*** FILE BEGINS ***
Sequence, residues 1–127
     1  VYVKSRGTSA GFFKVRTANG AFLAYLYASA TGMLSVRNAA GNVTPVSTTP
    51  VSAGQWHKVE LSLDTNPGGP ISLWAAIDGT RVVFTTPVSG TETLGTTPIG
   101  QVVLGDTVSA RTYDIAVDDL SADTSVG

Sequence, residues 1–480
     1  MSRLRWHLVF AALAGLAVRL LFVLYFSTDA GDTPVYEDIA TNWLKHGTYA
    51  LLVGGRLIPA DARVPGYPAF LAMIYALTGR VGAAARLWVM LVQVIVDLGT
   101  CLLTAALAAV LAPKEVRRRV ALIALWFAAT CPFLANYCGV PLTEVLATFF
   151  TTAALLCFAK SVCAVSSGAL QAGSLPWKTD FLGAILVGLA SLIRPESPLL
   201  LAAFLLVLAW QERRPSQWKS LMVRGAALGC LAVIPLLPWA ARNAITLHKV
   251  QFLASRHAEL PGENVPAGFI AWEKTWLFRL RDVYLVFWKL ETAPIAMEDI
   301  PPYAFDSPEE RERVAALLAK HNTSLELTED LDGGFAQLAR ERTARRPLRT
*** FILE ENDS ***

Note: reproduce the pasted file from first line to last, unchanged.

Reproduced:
Sequence, residues 1–127
     1  VYVKSRGTSA GFFKVRTANG AFLAYLYASA TGMLSVRNAA GNVTPVSTTP
    51  VSAGQWHKVE LSLDTNPGGP ISLWAAIDGT RVVFTTPVSG TETLGTTPIG
   101  QVVLGDTVSA RTYDIAVDDL SADTSVG

Sequence, residues 1–480
     1  MSRLRWHLVF AALAGLAVRL LFVLYFSTDA GDTPVYEDIA TNWLKHGTYA
    51  LLVGGRLIPA DARVPGYPAF LAMIYALTGR VGAAARLWVM LVQVIVDLGT
   101  CLLTAALAAV LAPKEVRRRV ALIALWFAAT CPFLANYCGV PLTEVLATFF
   151  TTAALLCFAK SVCAVSSGAL QAGSLPWKTD FLGAILVGLA SLIRPESPLL
   201  LAAFLLVLAW QERRPSQWKS LMVRGAALGC LAVIPLLPWA ARNAITLHKV
   251  QFLASRHAEL PGENVPAGFI AWEKTWLFRL RDVYLVFWKL ETAPIAMEDI
   301  PPYAFDSPEE RERVAALLAK HNTSLELTED LDGGFAQLAR ERTARRPLRT